A port-wine stain is birthmark in which swollen blood vessels cause a reddish-purplish discoloration of the skin. It often affects the facial region. Port-wine stains occur in about 3 out of 1,000 people. Port-wine stains may be a sign of Sturge-Weber syndrome or Klippel-Trenaunay-Weber syndrome. Port-wine stains are present at birth and persist throughout life. The area of skin affected grows in proportion to general growth. The incidence is 3 out of 1,000 people. Port-wine stains occur most often on the face but can appear anywhere on the body. Early stains are usually flat and pink in appearance. As the child matures, the color may deepen to a dark red or purplish color. In adulthood, thickening of the lesion or the development of small lumps may occur.
Port wine stains vary in size from a few millimetres across to many centimetres. Early port-wine stains are usually flat and pink in appearance. As the child gets older, the color may deepen to a dark red or purplish color. They occur most often on the face but can appear anywhere on the body. There is a sharp line between the port wine stain and normal skin. Their colour can vary from pale red to deep purple. A port wine stain is a localised blood vessel problem. Tiny blood vessels can normally narrow (constrict) or widen (dilate) depending on circumstances. This allows different amounts of blood to the skin surface. The more blood, the redder the skin. Treatments have been tried for port-wine stains, including freezing, surgery, radiation, and tattooing.
Laser treatment (such as the flashlamp-pumped-pulsed dye laser) can be very effective. It is the only method that can destroy the tiny blood vessels in the skin without significantly damaging the skin. Scarring is an uncommon side-effect with modern lasers. It used to be more of a problem with older lasers. Topical EMLA cream is oftentimes used for anesthesia on the areas to be treated. Treatment of infants with the flashlamp pumped dye laser generally produces marked improvement in appearance though complete disappearance is rare. Compression stockings or bandaging to reduce swelling and protect from injury. Aspirin, and sometimes anticoagulants such as warfarin, to prevent clots. Bone shortening operation if a limb is more than 2 cm longer than its pair.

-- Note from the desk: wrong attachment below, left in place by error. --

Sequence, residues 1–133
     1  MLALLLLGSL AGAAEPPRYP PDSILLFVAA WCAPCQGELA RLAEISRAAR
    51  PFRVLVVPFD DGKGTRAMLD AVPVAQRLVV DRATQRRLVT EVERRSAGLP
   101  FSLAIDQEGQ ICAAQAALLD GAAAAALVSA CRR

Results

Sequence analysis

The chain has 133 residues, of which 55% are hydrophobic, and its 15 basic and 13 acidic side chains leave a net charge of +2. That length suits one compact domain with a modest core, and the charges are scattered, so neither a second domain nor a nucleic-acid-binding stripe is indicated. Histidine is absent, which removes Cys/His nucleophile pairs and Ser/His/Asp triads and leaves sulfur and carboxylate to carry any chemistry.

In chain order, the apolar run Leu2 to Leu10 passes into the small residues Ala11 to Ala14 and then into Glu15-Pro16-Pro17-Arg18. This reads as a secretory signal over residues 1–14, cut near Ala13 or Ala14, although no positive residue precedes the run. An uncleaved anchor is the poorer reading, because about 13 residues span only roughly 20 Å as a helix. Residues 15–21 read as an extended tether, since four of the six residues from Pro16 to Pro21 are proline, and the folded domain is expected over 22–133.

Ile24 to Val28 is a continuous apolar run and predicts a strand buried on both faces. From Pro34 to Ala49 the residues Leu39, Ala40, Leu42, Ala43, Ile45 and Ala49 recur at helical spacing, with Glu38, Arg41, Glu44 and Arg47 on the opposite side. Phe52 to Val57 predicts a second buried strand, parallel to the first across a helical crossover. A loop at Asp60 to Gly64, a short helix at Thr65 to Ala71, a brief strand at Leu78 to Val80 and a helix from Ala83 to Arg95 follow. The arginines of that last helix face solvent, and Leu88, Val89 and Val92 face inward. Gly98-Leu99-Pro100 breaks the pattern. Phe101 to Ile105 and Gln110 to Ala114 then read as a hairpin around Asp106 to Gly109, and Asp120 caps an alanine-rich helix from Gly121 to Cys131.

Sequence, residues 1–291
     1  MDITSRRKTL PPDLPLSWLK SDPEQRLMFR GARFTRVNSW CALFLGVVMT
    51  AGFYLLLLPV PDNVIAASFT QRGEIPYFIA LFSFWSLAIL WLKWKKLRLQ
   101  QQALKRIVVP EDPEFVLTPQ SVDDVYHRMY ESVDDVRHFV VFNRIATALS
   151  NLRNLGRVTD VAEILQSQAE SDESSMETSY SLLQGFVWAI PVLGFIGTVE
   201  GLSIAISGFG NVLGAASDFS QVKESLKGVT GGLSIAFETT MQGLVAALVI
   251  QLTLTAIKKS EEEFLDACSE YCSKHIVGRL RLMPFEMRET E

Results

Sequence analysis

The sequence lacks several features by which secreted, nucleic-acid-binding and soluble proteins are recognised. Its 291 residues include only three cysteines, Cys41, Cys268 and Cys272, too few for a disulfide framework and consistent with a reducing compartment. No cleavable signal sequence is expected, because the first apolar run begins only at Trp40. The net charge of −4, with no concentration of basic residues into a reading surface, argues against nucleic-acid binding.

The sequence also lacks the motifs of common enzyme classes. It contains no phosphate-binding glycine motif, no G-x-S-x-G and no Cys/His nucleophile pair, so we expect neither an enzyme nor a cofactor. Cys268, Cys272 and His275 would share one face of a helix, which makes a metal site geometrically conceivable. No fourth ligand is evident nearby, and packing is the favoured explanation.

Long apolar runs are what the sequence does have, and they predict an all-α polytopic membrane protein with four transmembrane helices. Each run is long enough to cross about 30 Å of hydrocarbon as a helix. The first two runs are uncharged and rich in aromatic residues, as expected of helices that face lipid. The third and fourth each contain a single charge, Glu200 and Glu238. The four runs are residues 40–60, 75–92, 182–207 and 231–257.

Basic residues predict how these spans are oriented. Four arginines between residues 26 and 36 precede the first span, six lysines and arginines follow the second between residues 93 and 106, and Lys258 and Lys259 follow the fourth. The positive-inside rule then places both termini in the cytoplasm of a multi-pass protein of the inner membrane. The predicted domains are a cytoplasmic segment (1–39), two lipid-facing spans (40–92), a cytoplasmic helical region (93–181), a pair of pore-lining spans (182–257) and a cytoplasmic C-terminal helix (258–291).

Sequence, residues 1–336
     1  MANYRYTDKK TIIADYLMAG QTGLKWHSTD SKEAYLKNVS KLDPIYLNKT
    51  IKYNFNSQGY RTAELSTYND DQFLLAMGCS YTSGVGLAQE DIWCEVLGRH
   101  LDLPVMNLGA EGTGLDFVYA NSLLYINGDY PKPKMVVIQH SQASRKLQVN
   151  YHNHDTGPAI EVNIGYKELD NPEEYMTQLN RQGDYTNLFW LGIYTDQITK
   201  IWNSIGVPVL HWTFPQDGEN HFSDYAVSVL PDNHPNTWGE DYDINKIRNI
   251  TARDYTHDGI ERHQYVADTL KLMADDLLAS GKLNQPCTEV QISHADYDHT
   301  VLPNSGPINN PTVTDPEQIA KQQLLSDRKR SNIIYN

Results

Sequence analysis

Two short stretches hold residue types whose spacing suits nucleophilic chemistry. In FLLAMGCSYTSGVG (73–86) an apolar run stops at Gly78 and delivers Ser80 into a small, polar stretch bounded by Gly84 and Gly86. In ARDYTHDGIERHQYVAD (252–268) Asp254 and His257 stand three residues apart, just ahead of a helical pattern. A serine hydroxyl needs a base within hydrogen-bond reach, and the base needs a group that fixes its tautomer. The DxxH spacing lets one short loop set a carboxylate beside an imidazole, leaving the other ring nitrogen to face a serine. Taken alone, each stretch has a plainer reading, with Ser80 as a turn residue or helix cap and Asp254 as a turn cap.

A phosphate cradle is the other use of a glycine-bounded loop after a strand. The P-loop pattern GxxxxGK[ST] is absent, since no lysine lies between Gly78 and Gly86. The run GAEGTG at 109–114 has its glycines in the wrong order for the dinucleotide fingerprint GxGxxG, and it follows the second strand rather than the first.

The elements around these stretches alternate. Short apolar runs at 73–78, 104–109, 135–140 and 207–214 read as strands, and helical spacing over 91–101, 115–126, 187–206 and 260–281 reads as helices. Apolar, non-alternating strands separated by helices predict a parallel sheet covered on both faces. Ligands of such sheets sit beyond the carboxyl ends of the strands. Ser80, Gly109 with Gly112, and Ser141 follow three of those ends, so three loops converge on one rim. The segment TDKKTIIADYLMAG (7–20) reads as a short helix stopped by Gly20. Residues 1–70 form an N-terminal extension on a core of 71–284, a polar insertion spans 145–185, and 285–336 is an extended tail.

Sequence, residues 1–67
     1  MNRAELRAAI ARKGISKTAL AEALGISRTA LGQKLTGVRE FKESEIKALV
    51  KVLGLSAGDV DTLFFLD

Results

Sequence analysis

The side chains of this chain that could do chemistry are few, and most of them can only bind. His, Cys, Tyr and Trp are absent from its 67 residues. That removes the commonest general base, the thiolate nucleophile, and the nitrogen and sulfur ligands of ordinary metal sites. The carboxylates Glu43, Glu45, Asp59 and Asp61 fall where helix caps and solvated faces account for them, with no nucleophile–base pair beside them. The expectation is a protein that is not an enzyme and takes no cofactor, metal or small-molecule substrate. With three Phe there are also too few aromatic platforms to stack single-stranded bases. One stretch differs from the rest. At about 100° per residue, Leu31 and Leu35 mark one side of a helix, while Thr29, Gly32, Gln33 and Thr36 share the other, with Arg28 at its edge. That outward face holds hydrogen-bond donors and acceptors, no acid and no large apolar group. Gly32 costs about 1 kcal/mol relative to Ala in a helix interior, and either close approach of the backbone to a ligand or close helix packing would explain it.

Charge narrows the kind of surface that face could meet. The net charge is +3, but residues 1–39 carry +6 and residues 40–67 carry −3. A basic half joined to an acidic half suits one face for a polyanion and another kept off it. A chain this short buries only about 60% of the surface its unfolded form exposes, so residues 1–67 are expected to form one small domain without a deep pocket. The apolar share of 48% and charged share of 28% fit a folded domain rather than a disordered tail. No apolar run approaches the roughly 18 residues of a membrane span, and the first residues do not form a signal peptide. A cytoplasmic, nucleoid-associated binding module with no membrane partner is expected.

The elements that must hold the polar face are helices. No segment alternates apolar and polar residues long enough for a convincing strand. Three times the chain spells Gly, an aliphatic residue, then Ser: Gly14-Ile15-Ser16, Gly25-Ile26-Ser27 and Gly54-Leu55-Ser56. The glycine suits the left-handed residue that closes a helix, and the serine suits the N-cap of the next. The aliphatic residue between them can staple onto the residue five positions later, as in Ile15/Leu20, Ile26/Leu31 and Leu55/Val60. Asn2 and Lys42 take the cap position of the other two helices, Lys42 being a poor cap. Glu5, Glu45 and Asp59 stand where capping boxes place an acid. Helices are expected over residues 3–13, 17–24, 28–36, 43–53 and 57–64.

Port Wine Stains Treatment Tips
1. Cosmetic or camouflage creams are often very helpful.
2. Laser therapy has been the most successful at destroying stains.
3. Compression stockings or bandaging to reduce swelling and protect from injury.
4. Aspirin, and sometimes anticoagulants such as warfarin, to prevent clots.
5. Resection or ligation (tying-off) of abnormal blood vessels.
6. Bone shortening operation if a limb is more than 2 cm longer than its pair.
7. Amputation of a very abnormal digit (finger or thumb) or limb.